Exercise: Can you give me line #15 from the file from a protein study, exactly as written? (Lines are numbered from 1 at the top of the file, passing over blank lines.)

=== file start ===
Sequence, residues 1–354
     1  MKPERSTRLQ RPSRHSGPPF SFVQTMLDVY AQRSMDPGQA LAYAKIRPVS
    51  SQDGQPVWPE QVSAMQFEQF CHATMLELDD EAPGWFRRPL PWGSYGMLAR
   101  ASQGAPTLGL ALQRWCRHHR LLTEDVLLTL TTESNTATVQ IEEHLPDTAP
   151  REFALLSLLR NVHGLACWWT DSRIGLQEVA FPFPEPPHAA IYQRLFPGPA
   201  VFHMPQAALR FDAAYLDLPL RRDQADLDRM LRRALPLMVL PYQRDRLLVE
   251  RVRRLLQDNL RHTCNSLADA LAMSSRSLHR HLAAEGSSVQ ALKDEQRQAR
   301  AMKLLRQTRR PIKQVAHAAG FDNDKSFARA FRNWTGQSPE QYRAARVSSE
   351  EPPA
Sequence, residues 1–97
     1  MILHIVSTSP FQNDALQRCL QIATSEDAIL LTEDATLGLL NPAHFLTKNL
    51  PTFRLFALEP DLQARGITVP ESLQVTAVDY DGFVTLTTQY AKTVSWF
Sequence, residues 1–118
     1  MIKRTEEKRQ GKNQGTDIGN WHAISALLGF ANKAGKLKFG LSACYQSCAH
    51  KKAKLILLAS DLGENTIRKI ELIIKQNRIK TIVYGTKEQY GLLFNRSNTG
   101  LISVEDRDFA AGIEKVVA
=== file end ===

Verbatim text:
    51  KKAKLILLAS DLGENTIRKI ELIIKQNRIK TIVYGTKEQY GLLFNRSNTG